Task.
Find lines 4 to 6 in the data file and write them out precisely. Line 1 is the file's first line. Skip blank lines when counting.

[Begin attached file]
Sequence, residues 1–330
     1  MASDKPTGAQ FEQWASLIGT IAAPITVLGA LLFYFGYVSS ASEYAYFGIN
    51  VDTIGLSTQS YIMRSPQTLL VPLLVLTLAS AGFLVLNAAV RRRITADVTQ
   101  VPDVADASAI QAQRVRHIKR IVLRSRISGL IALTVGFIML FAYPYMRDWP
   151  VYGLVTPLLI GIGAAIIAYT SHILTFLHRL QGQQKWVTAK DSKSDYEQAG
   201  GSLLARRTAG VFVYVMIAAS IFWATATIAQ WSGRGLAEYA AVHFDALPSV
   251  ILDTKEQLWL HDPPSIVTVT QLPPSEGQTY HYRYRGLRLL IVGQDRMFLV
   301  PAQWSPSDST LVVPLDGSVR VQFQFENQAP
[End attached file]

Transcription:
   101  VPDVADASAI QAQRVRHIKR IVLRSRISGL IALTVGFIML FAYPYMRDWP
   151  VYGLVTPLLI GIGAAIIAYT SHILTFLHRL QGQQKWVTAK DSKSDYEQAG
   201  GSLLARRTAG VFVYVMIAAS IFWATATIAQ WSGRGLAEYA AVHFDALPSV